For Johns, a native of Australia who has conducted top orchestras and opera companies worldwide, there has been no playbook to follow for teaching the art of conducting—or practicing it, for that matter. Yet for 18 years, amid a flourishing professional career, Johns has taught undergraduate and graduate students, finding novel ways to teach them the elusive craft. He has held the title of director of orchestras and has conducted the Rutgers Symphony Orchestra since 2003, producing, in his estimation, “a fabulous orchestra, full of amazing talents and arguably one of the leading conservatory orchestras and programs in the country.” Graduates are members of many of the nation’s leading symphony orchestras, including the Chicago and Cincinnati Symphony Orchestras, as well as countless international ensembles.

From a stage within Nicholas Music Center at Rutgers University–New Brunswick, Kynan Johns leads undergraduate students.
From a stage within Nicholas Music Center at Rutgers University–New Brunswick, Kynan Johns leads undergraduate students who are majoring in music education in an introductory conducting class. “With a class like this,” says Johns, “the objective is to get them as fluid and smooth as possible.”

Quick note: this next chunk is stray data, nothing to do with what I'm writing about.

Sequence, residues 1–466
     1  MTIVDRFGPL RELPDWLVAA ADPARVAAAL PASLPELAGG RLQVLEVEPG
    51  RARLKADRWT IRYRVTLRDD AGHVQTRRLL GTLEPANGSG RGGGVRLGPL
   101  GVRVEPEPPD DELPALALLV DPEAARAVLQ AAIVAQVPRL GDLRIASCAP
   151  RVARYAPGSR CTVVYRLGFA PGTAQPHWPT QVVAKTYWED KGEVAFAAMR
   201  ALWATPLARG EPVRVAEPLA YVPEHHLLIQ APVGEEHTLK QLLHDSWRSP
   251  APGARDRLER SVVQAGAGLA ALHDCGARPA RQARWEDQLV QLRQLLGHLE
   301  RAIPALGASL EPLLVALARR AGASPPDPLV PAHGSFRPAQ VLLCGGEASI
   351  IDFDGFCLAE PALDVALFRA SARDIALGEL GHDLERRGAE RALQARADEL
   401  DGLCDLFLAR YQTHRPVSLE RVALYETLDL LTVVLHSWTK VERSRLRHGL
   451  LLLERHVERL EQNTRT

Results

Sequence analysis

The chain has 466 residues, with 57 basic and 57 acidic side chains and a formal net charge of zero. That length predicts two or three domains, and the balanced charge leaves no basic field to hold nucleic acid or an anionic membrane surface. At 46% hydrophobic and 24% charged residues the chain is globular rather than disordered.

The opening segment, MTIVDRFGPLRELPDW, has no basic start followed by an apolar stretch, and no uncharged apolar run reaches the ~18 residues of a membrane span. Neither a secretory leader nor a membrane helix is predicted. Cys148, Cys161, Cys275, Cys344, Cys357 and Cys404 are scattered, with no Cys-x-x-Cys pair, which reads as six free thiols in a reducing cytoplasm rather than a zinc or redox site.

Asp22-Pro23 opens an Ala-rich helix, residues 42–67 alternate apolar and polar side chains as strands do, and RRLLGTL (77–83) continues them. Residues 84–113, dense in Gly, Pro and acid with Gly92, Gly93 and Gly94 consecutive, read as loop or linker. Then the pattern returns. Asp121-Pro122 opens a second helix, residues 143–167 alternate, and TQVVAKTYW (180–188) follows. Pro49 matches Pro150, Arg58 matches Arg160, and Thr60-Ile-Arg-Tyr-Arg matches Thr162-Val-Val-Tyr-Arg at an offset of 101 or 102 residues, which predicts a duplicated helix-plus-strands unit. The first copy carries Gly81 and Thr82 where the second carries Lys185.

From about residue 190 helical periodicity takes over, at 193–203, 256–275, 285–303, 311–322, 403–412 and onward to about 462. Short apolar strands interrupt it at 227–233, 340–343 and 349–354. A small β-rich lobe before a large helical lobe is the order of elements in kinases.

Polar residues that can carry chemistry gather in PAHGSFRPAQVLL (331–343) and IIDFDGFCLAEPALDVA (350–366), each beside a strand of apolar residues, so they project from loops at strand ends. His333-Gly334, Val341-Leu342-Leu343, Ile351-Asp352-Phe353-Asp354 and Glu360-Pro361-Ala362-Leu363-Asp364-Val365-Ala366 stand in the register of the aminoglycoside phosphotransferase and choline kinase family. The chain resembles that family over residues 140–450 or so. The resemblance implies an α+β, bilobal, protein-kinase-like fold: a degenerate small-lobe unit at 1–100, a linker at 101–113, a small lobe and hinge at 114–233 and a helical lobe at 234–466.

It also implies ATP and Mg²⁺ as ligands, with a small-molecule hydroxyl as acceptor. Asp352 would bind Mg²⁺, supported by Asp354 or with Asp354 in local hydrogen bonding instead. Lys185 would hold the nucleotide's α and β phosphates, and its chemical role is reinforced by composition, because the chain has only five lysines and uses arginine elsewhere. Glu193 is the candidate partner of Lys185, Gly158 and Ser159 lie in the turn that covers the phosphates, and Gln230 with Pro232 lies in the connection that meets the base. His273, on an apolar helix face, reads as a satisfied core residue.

Photography by Bill Cardoni

“The conductor is there to help musicians make great music,” says Johns, who studied under luminaries Lorin Maazel and Kurt Masur, among other maestros. “As a leader, a conductor has to figure out what he or she has to do to allow them to do that. You want to be as clear with your information as possible.” Conducting comes down to two fundamentals, he says: knowing how to lead the orchestra and knowing when to do so. It’s a balancing act: too much of the how—giving musicians instruction on their actual playing—and musicians may feel over directed and mistrusted; too little of the when—cues for musicians to enter the music or to stop playing—and the entire piece can feel off and affect player performances.